Monday, July 19, 2021

Creating your own chord melody: A simple guide to get you started

 If you are new to jazz guitar and wondering how to get started on putting together a chord melody. Then keep reading and follow this guide of simple rules of how to combine melody and harmony. By following these steps you will be on your way to creating lush, beautiful sounding chord melodies of your favorite jazz standards. The following steps are a set of rules that I use when trying to put together a chord melody for guitar. These rules are not the only way to do it and I'm sure there are others that go about it differently. In the video that will be posted at the end of this blog you can hear and see me perform my rendition of Blues Bossa. In this example, I play the melody and voicings at the same time in a self contained manner by accompanying myself. This is called solo jazz guitar.
Chord melody rules:

1. Keep the melody note of the song on top of the chord voicing. This way it stands out and the listener can hear and recognize the notes to the song.

2.  Usually the melody note most of the time is played an octave higher than what is written on the page. This is not a steadfast rule and sometimes can be voiced with the written notes if they are not too low. Sometimes you can mix it up by voicing the notes with the written melody and playing some passages of the melody up the octave. The only reason why I might do this is to fit a particular jazz chord that I like and sounds good with the written melody. You will see what I mean when you examine my rendition of Blue Bossa.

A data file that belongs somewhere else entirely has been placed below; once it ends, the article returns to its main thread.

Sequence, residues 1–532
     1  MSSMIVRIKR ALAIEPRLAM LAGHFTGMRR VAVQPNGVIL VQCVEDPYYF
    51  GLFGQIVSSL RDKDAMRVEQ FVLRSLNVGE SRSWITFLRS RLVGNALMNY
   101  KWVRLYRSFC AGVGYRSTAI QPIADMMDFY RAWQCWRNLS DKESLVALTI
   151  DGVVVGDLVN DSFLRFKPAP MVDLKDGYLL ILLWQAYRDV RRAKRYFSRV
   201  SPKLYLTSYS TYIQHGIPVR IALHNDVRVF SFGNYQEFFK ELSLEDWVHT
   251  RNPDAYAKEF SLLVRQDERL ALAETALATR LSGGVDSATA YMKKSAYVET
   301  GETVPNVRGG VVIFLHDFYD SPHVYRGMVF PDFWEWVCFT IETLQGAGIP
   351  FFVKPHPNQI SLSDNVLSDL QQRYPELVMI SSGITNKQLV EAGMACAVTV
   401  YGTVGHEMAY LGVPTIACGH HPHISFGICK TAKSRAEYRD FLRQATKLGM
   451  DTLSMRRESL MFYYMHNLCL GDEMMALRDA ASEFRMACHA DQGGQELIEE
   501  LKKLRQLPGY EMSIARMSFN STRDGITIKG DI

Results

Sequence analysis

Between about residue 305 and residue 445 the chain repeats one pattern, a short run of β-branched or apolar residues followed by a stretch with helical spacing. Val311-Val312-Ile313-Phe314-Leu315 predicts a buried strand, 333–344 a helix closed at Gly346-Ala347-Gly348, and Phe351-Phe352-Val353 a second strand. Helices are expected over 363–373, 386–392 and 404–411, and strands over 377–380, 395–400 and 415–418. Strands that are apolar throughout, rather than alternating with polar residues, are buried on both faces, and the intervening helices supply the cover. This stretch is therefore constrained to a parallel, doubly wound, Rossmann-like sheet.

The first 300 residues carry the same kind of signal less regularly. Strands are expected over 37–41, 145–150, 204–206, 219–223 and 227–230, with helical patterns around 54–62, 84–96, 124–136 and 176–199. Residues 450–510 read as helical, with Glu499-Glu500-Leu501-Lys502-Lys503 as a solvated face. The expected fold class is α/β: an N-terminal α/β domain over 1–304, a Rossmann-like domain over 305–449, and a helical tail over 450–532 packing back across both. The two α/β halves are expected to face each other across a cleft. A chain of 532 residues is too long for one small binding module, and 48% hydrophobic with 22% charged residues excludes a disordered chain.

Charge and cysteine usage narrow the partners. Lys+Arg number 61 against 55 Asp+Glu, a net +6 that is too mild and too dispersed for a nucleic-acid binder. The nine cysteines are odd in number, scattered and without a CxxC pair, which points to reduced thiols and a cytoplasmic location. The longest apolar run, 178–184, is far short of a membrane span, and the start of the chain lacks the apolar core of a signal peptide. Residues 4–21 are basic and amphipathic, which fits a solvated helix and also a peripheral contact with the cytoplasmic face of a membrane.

3.   You don't have to put a chord on every melody note, especially if you have some measures with a lot of eighth notes. In other words, don't make it too busy with chords and if it's a complicated rhythm it might be hard to execute. So keep it simple by just choosing one or two notes from the melody that you might try to voice with a chord. The rest of notes can be played in a single line fashion. I once read an interview with Joe Pass, where he said "a chord melody is like an illusion, It sounds like it is played all at once, but they are little separate fragments that are played independently from each other".  When you start to combine all the single notes and chords together, it sounds like one thing to the listener. Of course playing it in time and with the proper rhythm helps your chord melody come together as one whole piece.

4. What type of voicing should I use to create my chord melody?

  Well, you can use 3 note shell voicings, drop 2, 3, drop 2 and 4, rootless voicings. I use a combination of all of these voicings to create a chord melody. I will give you some examples of chords a beginner might try to useAlso, I will post all the chords that I used for Blues Bossa. In the Blues Bossa example, you will notice I circled the top note of the chord. The circled note indicates which note of the melody that I chose to voice with a chord.